In brainstorming a work, you will often find that you want your characters to behave in certain ways. And as they grow and develop, you may even find that you need to justify why they do what they do. If you get deep enough into their thought processes, you can almost imagine them arguing with you. When that happens, go ahead and find a way to put that argument down on paper, either as internal dialog or in a conversation. It shows that your character is conflicted about something. It often is a point at which a “theme” begins to grow out of your story.
A theme is simply an intellectual argument–played out in the deeds, thoughts, and discussions of your characters–that throws light upon a topic that has real life implications for your characters.
A famous screenwriting consultant, story doctor, author, and producer named Michael Hauge often gives seminars in Hollywood, and I once heard him make an interesting point. He said that he has never seen a movie or read a book that worked where the question of the protagonist’s identity doesn’t come up. In short, questions like “Who am I?” “What am I?” and “Why am I this way?” are at the core of every great work.
For example, let’s say that you have a young hero who meets a woman and falls in love. She has to wonder if that young man would be proper husband material. Her father and mother might look at the young man in question and give numerous and valid reasons as to why he is not. His own tenderness and thoughtfulness toward the young woman might form the nucleus of an argument against the parents’ objections. He will of course have to ask himself this question and decide whether to propose. In the end the young woman–and the audience–must make their own decisions.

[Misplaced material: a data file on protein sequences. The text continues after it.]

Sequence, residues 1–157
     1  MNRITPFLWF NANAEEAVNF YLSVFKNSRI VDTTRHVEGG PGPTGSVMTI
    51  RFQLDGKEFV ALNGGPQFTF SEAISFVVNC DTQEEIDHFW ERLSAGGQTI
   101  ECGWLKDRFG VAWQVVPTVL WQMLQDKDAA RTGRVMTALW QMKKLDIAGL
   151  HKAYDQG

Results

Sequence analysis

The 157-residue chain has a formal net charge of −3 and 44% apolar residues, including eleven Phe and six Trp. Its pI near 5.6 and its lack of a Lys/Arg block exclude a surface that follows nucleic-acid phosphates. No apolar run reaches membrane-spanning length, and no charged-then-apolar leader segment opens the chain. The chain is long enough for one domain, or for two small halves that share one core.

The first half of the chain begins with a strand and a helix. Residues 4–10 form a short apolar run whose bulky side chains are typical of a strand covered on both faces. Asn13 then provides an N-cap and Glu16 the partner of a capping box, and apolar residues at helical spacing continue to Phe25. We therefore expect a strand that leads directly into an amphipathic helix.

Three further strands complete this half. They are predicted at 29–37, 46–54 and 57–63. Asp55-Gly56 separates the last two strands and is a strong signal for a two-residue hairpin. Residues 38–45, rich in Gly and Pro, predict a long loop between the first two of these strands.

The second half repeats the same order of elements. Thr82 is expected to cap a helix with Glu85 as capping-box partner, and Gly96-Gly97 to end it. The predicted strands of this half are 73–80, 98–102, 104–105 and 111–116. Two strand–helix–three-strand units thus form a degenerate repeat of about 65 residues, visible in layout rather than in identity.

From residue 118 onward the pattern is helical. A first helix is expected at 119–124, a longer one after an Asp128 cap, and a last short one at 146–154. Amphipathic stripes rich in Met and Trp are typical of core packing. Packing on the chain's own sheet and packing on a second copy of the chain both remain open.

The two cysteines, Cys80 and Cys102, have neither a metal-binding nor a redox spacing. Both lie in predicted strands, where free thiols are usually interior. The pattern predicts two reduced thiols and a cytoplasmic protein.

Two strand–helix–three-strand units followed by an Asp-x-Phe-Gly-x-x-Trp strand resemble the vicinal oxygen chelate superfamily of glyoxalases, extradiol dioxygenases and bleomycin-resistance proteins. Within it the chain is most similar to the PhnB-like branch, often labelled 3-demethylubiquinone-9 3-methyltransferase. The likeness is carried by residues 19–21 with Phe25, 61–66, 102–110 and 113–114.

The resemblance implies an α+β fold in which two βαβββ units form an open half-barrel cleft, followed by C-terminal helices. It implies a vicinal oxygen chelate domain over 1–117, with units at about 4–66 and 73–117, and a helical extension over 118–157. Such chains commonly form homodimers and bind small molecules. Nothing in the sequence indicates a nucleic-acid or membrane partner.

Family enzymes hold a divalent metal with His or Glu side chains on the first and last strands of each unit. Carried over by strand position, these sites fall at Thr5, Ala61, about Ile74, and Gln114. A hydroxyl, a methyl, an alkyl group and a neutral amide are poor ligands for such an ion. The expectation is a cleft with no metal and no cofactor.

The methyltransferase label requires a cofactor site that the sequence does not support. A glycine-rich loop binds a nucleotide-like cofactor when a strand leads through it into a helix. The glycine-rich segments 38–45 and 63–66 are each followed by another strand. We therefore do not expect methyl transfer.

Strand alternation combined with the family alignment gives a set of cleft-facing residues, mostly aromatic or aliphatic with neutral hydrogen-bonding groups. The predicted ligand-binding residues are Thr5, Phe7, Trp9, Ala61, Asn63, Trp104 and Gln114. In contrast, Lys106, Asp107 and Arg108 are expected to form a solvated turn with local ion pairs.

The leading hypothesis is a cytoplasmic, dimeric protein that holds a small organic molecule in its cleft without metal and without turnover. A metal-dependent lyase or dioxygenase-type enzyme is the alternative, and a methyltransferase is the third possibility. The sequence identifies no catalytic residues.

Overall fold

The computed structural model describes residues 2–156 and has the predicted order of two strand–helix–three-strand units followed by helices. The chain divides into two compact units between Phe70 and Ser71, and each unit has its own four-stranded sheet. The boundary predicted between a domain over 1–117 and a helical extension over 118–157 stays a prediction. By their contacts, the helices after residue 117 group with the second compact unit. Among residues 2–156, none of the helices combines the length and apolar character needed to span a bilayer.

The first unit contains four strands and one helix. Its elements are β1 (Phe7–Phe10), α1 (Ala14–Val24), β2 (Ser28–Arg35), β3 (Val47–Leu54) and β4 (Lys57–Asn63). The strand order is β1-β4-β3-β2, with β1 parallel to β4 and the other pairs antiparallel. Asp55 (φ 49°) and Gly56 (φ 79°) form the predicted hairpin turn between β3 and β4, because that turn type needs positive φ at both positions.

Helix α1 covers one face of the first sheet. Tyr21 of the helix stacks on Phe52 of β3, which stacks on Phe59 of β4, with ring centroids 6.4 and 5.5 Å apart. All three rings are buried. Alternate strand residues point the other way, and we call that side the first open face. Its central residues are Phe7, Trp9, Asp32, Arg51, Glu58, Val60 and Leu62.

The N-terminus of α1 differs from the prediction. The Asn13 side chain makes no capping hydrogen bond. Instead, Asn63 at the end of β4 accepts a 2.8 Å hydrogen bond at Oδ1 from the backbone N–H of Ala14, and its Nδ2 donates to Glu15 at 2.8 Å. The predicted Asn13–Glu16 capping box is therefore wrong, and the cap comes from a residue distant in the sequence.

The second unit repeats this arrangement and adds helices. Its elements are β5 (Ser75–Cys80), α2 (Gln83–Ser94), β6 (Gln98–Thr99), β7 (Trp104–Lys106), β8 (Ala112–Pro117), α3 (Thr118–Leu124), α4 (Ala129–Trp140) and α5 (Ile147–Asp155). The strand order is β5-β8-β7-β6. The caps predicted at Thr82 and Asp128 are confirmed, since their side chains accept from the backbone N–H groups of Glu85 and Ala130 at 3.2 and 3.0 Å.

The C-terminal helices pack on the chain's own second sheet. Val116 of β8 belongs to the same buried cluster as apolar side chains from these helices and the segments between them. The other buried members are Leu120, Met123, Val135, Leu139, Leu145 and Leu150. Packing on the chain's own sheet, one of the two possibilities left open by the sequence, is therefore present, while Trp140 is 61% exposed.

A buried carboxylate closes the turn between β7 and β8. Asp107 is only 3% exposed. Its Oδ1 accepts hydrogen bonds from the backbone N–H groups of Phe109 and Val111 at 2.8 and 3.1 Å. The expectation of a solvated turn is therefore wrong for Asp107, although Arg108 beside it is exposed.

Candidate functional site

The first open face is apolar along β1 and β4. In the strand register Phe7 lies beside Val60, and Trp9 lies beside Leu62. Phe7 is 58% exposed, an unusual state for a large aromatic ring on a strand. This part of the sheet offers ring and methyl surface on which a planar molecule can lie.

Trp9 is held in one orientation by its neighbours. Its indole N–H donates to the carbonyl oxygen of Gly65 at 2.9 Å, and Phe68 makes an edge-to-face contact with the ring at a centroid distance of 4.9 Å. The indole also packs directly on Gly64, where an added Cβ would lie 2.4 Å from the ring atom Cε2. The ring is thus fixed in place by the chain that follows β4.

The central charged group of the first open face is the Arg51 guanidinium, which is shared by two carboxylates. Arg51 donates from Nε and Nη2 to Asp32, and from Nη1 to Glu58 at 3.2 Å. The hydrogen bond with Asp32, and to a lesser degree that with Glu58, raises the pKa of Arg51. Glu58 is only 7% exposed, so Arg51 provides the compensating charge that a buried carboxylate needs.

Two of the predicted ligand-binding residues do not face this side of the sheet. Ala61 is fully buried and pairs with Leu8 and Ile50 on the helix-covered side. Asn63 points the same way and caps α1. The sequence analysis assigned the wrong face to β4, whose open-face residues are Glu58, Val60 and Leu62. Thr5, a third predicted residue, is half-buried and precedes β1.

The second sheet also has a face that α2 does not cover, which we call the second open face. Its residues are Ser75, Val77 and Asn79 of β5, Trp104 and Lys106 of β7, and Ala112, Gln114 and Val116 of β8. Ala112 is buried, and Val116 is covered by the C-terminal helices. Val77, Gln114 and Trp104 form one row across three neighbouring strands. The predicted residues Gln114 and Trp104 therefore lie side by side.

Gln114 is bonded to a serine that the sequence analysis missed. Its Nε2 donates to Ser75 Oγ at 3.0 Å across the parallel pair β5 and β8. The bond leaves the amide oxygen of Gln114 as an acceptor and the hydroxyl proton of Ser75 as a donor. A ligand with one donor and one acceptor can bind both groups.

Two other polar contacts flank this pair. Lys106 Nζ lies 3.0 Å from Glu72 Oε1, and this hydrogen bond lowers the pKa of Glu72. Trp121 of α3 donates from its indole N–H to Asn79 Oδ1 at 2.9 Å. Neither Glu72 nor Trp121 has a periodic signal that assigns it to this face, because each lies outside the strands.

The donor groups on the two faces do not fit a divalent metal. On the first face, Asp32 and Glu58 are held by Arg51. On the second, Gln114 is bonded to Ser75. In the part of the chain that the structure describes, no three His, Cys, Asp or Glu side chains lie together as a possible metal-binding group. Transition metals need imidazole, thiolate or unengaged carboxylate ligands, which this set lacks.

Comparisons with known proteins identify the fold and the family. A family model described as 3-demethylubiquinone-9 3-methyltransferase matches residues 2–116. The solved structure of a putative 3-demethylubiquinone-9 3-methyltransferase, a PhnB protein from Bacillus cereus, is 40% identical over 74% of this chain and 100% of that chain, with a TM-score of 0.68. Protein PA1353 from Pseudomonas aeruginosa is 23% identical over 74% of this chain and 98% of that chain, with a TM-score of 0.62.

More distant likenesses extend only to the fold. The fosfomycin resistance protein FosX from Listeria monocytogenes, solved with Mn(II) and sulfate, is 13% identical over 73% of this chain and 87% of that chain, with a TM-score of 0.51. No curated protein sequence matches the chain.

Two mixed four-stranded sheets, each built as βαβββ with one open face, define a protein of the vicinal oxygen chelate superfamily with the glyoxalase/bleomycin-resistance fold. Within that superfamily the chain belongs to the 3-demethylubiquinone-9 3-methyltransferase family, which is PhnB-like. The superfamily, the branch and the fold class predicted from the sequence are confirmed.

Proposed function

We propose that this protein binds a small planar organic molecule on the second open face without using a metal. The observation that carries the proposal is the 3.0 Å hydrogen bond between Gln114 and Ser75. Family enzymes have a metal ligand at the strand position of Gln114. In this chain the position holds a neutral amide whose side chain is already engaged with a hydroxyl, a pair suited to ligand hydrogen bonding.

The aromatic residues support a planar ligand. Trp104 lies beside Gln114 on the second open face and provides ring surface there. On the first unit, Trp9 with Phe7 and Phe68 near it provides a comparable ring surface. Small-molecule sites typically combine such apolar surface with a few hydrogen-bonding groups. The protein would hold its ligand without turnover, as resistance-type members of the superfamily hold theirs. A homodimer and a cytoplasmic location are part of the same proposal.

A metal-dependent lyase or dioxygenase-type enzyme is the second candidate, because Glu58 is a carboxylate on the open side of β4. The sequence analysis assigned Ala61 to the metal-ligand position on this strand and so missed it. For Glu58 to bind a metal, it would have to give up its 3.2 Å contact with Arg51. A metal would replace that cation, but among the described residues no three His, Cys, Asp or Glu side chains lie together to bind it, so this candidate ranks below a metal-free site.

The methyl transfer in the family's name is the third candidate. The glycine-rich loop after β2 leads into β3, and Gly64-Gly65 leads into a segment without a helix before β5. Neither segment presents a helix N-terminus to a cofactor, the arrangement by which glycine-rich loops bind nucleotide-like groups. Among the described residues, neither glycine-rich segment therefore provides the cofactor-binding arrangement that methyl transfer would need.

This whole question of identity seems to lie at the core of every romance that you will ever come across. Because it is so central, the male is often presented as a “mysterious stranger” at first, someone who is reclusive or often called away upon some earth-shattering business–either to consult with royalty or fight in a war.
But as you plot, it might be well to consider: What roles must my characters try to fill in this story? Do they fit into those roles easily, or do they question themselves? Do others question their ability? What conflicts will arise because of this? What must my character do in order to convince himself, others, and my audience that he or she is fit to assume the roles that they must fulfill?
I’m not going to go as far as Michael Hauge and say that such questions lie at the heart of all great fiction. I can see a couple of ways to get around it. But it is a powerful tool for generating stories.
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